Australia raised interest rates in a bid to control inflation amid an export boom.
The country's Reserve Bank raised rates to 4.75 % from 4.5%, surprising most analysts, The Associated Press reported.
Booming demand for Australian minerals from Asian countries including China and South Korea has stoked Australian inflation.
"The risk of inflation rising again over the medium term remains," Reserve Bank Governor Glenn Stevens said in a statement. "The board concluded that the balance of risks had shifted to the point where an early, modest tightening of monetary policy was prudent."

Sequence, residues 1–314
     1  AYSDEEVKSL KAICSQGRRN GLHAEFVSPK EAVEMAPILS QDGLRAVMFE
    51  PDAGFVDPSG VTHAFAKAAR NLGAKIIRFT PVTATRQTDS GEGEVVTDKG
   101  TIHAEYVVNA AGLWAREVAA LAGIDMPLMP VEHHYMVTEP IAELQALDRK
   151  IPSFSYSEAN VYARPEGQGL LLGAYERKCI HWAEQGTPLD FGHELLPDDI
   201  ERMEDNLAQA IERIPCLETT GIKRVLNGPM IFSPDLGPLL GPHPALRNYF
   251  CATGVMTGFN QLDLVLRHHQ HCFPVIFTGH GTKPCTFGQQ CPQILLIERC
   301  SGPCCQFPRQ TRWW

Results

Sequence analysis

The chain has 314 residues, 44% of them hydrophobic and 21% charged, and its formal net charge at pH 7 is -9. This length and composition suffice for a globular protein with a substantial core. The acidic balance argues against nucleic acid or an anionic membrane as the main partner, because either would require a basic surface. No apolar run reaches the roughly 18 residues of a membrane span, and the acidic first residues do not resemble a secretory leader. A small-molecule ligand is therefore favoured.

The bank said that the country's economy is facing a "large expansionary shock" because of the high prices of its mineral exports.
The Reserve Bank also sounded optimistic about the domestic and international economy.
"Global growth will probably ease back to about trend pace over the coming year as strong recoveries in the emerging world give way to a more sustainable pace of expansion and growth remains subdued in the United States and Europe," it said.
The Australian dollar strengthened after the interest rate decision, briefly trading above $1.